- Access to a debt counselor or independent financial advisor
- Offer an employee support program
- Helping employees manage taxes effectively
- Promotion of the use of existing company profits
4. Offer personalized benefits
But the pay is only one aspect of merit. The awards include annuities, health insurance, incentives, benefits, share purchase programs, and many more. Vacations, flexible work, and skill development are part of this reward as are the broader employee experience – such as feelings of autonomy, increased commitment, and feelings of appreciation.
One area that employers need to pay attention to is flexible benefits. At first glance, with a list of menu options, this scheme looks generous and attractive. However, they are expensive to source and employees reasonably suspect they can get a better cash deal than companies or middlemen with group purchases. Benefits of instructing employees to customize the list of choices for the following items:
- Early retirement courses and gradual retirement options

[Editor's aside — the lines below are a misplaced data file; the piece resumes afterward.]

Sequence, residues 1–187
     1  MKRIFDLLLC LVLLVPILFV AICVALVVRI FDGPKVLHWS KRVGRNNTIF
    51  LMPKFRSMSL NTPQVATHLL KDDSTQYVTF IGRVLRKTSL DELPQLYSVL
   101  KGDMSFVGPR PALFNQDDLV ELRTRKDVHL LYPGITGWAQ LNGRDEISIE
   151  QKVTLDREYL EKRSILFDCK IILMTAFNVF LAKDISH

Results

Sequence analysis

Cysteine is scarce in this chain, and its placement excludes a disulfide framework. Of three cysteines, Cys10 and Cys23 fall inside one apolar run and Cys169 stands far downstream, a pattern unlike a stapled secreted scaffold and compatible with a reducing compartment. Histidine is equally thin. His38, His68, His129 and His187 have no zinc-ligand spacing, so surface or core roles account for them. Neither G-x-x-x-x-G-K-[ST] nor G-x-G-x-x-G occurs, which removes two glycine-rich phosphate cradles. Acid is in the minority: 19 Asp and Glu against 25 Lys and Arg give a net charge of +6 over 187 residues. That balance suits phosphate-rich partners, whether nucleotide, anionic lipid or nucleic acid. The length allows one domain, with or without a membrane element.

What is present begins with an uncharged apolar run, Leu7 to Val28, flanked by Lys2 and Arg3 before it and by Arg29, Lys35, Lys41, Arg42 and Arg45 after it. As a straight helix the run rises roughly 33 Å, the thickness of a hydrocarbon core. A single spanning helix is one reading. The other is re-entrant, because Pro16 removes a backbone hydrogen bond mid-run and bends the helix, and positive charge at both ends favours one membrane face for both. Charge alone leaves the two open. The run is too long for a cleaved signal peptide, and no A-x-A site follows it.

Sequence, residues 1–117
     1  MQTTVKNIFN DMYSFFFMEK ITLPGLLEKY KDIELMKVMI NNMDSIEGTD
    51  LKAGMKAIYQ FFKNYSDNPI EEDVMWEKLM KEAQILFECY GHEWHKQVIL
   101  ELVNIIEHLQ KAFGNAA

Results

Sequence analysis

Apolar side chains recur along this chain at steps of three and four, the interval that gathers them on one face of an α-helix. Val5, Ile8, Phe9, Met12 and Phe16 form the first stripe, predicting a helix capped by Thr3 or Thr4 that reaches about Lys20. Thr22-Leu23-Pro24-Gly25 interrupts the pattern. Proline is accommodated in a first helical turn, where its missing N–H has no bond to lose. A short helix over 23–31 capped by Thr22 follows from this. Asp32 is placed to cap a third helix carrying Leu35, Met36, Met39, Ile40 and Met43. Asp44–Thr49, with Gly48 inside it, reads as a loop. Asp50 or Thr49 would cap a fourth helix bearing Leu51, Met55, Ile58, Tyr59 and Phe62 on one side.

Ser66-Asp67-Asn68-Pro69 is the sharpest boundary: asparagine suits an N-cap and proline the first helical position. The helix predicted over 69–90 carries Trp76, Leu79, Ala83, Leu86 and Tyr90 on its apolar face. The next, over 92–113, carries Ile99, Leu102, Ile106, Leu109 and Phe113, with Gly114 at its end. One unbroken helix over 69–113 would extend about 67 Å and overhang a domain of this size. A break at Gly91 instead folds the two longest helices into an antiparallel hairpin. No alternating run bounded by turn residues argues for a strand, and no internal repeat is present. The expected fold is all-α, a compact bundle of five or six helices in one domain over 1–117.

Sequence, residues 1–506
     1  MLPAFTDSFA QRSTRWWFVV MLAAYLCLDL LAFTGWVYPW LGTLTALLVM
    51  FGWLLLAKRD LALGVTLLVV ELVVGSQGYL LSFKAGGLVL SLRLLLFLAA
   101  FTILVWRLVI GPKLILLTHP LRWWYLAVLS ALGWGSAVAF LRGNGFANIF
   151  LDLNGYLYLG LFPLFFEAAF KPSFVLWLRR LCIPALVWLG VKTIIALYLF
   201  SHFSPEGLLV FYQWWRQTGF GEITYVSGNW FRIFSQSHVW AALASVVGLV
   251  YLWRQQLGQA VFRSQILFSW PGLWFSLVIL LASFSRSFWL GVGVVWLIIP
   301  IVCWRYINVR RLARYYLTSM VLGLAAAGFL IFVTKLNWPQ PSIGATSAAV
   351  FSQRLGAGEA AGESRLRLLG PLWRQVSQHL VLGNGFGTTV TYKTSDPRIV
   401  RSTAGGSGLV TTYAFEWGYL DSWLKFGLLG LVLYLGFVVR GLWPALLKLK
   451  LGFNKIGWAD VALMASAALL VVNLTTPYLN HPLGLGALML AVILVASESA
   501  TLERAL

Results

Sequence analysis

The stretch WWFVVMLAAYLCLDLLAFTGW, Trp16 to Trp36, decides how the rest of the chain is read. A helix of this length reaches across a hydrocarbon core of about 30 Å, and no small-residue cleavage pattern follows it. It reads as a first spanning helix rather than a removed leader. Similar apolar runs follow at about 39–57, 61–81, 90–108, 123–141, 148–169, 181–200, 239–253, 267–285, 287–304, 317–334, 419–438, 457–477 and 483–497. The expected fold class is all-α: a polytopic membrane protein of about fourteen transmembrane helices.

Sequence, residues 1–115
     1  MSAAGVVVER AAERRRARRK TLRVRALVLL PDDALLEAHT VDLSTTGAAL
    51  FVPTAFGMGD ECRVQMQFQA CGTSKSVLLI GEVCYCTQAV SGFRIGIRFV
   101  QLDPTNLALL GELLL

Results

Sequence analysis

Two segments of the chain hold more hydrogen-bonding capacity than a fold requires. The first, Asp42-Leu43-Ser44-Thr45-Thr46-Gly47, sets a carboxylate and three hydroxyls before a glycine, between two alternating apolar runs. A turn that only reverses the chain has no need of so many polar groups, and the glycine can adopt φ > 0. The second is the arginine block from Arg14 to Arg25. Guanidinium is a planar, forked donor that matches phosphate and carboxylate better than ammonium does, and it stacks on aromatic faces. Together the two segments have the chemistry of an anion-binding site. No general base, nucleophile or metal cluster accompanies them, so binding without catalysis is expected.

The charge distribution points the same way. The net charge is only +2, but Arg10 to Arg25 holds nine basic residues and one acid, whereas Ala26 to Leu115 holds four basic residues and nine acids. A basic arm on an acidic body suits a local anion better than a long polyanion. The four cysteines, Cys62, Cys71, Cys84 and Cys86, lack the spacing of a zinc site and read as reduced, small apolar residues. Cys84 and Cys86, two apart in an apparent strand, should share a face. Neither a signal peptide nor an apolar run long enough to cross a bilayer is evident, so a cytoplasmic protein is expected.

- Vouchers for child care
- Discounts for employees
- Automatic saving
- Flexible contracts such as shorter weeks, longer holidays, or weekends
They can be replaced by personalization, which allows employees to turn their services into cash. For many people with marginal income, this will be very grateful.
Giving more to low-wage workers is not only good for individuals and businesses but also for society. Inequality is currently the most significant destructive force in national and international politics and a cause of conflict, mass migration, and populism. Companies that engage in imaginary, fair, and supportive initiatives with their poor pay problems are working to make the world a better place.